Finally, 98 phantoms with diﬀerent lung masses were cre-
ated and used for the organ dose calculations. The Monte
Carlo transport code MCNPX 2.4.0 (Briesmeister,2000) was
used and the dose deposited per source particle (in pGy) was
determined with tally F6: p for a monoenergetic photon inter-
nal source with energies of 10, 15, 20, 30, 50, 100, 200, 500,
1000, 1500, 2000 and 4000 keV, considering kerma approxi-
mation. Using this approximation, it is assumed that the sec-
ondary particles are absorbed in the interaction region and just
the photon transport is considered. A total of 2×10^{9}and almost
1×10^{8}particles were tracked for energies lower and higher
than 50 keV, respectively, to obtain reasonable relative errors
due to the Monte Carlo calculation below 3% for all organs
and tissues.

In addition, lung-to-lung S-values (absorbed dose per de-
cay) for the total energy of the emitted electrons, photons, and
their sum per decay of^{131}I were calculated.^{131}I is aβ-emitting
radionuclide, whose emitted electrons can induce tumor necro-
sis and the long-range gamma ray can be imaged on SPECT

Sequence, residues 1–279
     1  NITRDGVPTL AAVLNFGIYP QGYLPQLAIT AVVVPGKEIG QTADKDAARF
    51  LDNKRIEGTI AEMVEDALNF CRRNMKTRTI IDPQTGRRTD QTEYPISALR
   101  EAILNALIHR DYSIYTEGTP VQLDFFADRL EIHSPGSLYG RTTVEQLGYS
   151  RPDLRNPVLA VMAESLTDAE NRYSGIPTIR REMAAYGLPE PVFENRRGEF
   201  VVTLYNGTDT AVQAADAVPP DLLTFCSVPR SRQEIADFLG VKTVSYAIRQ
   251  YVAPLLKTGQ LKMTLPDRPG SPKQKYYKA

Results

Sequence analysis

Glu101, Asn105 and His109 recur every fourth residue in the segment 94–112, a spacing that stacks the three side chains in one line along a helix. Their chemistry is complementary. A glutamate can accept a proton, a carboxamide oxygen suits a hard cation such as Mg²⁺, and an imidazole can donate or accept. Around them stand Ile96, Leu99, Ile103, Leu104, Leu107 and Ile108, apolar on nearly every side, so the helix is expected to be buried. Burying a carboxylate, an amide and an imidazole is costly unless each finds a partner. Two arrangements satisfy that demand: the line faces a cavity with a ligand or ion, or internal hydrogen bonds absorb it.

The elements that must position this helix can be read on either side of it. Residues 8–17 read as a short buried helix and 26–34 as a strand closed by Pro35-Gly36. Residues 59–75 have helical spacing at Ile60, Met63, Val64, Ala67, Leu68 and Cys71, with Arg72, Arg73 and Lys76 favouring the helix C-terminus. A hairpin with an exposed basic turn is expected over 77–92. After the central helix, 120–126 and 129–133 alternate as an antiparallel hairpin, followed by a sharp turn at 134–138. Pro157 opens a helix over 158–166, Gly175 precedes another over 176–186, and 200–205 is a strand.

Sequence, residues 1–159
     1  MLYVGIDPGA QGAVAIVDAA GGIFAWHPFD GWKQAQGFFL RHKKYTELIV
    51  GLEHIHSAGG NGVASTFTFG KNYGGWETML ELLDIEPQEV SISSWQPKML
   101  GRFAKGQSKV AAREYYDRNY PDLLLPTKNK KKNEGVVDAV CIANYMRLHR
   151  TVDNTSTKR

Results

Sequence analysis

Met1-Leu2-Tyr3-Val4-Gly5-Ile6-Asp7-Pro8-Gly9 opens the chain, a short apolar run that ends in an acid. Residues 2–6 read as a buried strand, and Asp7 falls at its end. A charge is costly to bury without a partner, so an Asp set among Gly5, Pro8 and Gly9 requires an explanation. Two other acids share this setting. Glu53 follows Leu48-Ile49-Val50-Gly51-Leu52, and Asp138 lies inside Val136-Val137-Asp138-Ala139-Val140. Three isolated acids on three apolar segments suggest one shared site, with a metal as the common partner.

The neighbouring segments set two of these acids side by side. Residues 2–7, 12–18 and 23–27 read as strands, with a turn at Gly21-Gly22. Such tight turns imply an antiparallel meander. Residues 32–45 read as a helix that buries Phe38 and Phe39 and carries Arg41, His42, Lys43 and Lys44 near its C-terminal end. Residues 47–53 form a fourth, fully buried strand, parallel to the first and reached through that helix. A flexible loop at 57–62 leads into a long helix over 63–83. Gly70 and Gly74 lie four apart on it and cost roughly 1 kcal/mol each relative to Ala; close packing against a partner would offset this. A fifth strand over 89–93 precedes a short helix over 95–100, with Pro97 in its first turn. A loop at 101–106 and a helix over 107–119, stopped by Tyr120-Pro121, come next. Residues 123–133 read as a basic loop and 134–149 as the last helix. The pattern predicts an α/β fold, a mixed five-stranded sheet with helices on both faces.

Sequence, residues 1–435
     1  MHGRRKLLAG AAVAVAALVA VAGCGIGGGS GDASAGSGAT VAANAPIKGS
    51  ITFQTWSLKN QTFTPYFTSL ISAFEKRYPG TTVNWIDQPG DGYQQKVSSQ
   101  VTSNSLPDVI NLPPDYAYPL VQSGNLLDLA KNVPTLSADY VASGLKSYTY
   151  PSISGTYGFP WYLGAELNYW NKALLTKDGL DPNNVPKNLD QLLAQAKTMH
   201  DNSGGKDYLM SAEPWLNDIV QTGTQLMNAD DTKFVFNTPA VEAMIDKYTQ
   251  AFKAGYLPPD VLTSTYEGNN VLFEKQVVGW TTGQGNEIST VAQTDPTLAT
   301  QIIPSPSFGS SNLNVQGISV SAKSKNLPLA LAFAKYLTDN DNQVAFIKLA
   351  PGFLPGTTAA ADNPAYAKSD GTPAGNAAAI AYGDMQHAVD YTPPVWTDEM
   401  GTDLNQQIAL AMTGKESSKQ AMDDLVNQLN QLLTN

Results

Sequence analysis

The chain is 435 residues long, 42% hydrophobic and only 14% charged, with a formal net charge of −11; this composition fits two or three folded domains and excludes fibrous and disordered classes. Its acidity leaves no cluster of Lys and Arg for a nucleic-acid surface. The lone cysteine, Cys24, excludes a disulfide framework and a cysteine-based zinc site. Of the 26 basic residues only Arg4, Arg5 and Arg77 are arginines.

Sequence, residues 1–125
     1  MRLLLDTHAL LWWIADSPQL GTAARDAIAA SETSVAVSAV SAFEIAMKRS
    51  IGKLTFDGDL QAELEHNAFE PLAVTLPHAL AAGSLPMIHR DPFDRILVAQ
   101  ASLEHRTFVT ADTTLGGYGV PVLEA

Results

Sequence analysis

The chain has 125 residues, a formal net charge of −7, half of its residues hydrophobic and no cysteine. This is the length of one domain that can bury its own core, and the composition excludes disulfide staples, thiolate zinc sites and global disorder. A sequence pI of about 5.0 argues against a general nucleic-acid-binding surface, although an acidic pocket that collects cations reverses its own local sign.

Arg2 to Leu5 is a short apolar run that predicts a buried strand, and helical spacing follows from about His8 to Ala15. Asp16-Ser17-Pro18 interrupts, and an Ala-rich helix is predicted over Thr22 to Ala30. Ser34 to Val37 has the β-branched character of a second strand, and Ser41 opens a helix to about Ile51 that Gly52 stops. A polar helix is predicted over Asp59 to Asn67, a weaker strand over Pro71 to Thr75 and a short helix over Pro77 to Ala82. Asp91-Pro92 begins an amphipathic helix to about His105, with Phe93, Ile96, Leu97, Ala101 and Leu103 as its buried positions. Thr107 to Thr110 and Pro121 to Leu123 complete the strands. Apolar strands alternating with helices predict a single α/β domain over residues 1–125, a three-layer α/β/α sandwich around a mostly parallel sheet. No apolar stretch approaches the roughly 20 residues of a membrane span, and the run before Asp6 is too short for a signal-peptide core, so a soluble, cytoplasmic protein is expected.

for observing the biodistribution of^{131}I (Zheng*et al.,*2013).

131I -labeled tumor necrosis therapy chimeric antibody (^{131}I-
chTNT) is used for the treatment of advanced lung cancer in
China (Chen*et al.,*2005; Yu*et al.,*2006).

It took almost 4 months for the programs to be run and in most cases the relative error was less than 0.1%. However, the values that were calculated with an error of more than 5% are not mentioned in the tables (the empty spaces in the tables).

For high-energy photons, great diﬀerences were observed between the lung dose and the kerma. The discrepancies be- tween the doses of lungs calculated with kerma approximation and with electron tracking at the energies of 500 and 1500 keV were about 36% and 83%, separately. Therefore, for the pho- tons with energies higher than 500 keV, electrons were also tracked and the lung dose was determined using tally F6: e (in P-E mode). However, for the other organs, the absorbed doses were calculated using kerma approximation.

By investigating the statistical changes in the dose due to variations in the lung mass as a source of radiation, the aver- age value and the uncertainty of organ absorbed doses were determined. The uncertainties of organ absorbed doses were determined by standard deviations (SD) of the absorbed doses from the average values. The SD is calculated by the following equation: